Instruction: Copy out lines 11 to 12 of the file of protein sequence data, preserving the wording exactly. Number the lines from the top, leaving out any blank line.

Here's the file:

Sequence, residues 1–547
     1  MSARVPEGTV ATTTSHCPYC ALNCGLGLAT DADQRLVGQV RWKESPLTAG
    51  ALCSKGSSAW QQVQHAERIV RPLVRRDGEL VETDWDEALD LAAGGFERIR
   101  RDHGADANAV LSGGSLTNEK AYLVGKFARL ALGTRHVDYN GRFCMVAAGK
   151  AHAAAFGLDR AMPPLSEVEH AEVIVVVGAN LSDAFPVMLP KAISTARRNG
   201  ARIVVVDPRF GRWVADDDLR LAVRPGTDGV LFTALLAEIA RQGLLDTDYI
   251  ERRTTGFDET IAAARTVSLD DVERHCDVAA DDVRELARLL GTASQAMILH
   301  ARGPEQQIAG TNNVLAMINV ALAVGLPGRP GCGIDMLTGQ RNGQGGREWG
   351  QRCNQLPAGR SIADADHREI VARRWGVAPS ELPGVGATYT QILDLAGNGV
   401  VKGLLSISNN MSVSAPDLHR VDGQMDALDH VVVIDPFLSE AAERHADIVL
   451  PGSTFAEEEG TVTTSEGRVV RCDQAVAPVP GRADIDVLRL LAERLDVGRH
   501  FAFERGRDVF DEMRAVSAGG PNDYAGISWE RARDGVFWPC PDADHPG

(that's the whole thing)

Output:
   451  PGSTFAEEEG TVTTSEGRVV RCDQAVAPVP GRADIDVLRL LAERLDVGRH
   501  FAFERGRDVF DEMRAVSAGG PNDYAGISWE RARDGVFWPC PDADHPG